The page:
College News

Medical Amnesty: Associated Students of Madison campaigns to save student lives

The Associated Students of Madison is leading a campaign to produce a statewide bill that will allow underage students to seek help and receive the proper medical treatment they deserve without fear of legal action.

Image By: Sydney Widell

Stemming from last semester, the Associate Students of Madison is campaigning to increase the protection of students from legal and academic sanctions in alcohol-related incidents. 

Their ultimate goal is to produce a statewide policy that would shield both the individual in need of medical attention and the individual seeking help from legal citations and academic punishment — whether they are on or off-campus. 

“With a bill like this you’re encouraging people to be safe … and to not think of whether or not you are getting your friend in trouble, but whether or not you are saving your friend's life,” said Legislative Affairs Chair Laura Downer. 

Currently, the Responsible Actions Guidelines at UW-Madison provides amnesty only for sexual assault victims and the caller. The exclusion of individuals in need of medical attention from amnesty discourages students from seeking help due to the possibility of getting their friends in trouble, according to Downer. 

The current state law provides amnesty from certain underage drinking citations and UW System Schools disciplinary actions only in the case of sexual assault.

The Responsible Actions Guidelines is a campus policy, which means two things: It is only applicable to incidents taking place on campus grounds, and it is not binding for the university or law enforcement in any way. 

ASM hopes to extend medical amnesty to the caller and the individual in need of medical attention on a statewide level, meaning that “it wouldn’t matter if it was in the dorm, a house party, or at a bar … people shouldn’t have to question whether or not it applies depending on where in the city they are,” Downer said.  

UW-Madison Administration and UWPD will keep most of the authority they possess today, meaning they may require students to take an educational course and meet with the Office of Student Conduct and Community Standards. The university will also be able to exercise discretionary judgment based on situations where a student exhibits patterns of problematic behavior.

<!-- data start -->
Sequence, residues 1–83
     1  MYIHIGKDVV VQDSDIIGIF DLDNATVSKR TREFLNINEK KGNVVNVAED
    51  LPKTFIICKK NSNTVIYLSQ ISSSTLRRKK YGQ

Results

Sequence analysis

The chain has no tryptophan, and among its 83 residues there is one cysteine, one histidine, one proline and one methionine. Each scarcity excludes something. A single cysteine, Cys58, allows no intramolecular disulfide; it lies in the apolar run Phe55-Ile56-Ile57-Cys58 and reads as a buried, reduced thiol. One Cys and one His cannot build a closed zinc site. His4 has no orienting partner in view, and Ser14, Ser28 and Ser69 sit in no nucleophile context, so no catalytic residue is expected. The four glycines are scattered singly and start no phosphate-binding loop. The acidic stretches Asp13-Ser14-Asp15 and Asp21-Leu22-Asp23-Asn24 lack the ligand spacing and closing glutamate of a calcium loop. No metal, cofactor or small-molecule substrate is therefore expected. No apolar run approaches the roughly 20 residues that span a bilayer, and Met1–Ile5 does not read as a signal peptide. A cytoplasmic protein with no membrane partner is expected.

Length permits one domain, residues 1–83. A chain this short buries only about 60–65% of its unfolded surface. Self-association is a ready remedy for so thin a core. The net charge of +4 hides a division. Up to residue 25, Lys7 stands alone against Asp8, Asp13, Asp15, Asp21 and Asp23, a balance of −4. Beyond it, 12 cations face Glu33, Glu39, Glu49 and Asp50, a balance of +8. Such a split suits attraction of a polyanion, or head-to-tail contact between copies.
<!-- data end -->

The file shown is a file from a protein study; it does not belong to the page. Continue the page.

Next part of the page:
ASM is striving for a medical amnesty policy very similar to current Pennsylvania State policy. The General Assembly of Pennsylvania passed a bill that provides amnesty for the caller, as long as they remain cooperative, and the individual in need at the state level. 

Two routes are being considered for obtaining amnesty for the students of Wisconsin: amending an already existing law or proposing an entirely new one. 

They are looking to amend the bill that shields sexual crime victims for being issued a citation or being subject to disciplinary measures by the UW System. The amendment offered would increase the amnesty provided by also shielding students in need of medical attention. 

A new bill that is solely concerned with medical amnesty has been introduced in the past, however was not passed. ASM is actively reaching out to the state legislature to strengthen the coalition supporting the bill. 

“We are getting a relatively positive response from the legislature, especially from people who have supported the sexual assault amnesty bill. Essentially they are saying, ‘Yes, we agree, but we have to have UW administration, the city of Madison Police, and UW-Madison Police on board,’” Downer said. “Once you have that coalition, you are well-prepared to have something passed.”

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